Careful observation a must for central retinal vein occlusion

August 1, 2011

Monthly intravitreal injections of ranibizumab for CRVO is effective, but careful, long-term observation is often necessary to maintain a positive treatment benefit when shifting to an as-needed treatment regimen.

Fort Lauderdale, FL-Monthly intravitreal injections of ranibizumab (Lucentis, Genentech) for central retinal vein occlusion (CRVO) is effective, but careful, long-term observation is often necessary to maintain a positive treatment benefit when shifting to an as-needed treatment regimen.

Ranibizumab injections to treat CRVO result in increases in visual acuity but based on previous studies it is unclear how long the intravitreal injections must continue to be administered to achieve stabilized vision.

In the first study, the patients received three injections of ranibizumab in the first few months and then quarterly injections on an as-needed basis for 1 year. The results were not favorable. In the second study, patients received monthly as-needed injections for 1 year. Both groups were switched to monthly as-needed ranibizumab injections at the physician's discretion for recurrent or persistent macular edema at the start of the second year. Both cohorts had a substantial decrease (average, 300 μm) in the macular thickness after the first intravitreal injection; that decrease in retinal thickness disappeared and the visual acuity deteriorated below the baseline level in the first group with the start of quarterly injections. This increase in retinal thickness did not occur in the second group who received as-needed injections of ranibizumab for 1 year; however, some patients had CRVO that was refractory to treatment, Dr. Avery said.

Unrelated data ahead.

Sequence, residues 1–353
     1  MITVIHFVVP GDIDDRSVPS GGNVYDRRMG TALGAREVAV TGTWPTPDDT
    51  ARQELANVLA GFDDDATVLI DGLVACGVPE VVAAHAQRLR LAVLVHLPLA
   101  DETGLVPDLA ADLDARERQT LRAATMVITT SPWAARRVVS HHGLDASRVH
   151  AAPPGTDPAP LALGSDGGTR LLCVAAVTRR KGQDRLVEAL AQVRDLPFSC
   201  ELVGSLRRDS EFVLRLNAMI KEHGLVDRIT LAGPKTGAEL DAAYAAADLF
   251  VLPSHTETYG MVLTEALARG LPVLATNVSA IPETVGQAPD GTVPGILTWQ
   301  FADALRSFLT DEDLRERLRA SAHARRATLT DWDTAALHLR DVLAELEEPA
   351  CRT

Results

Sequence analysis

Some patients in each cohort gained best-corrected visual acuity: 40% in each cohort gained three or more lines of vision by the 3-year examination. In the second group, 30% lost three lines of vision at the last visit. In some patients in the first group, investigators observed a rebound in central retinal edema, in which the edema resolved and returned during periods of no treatment.

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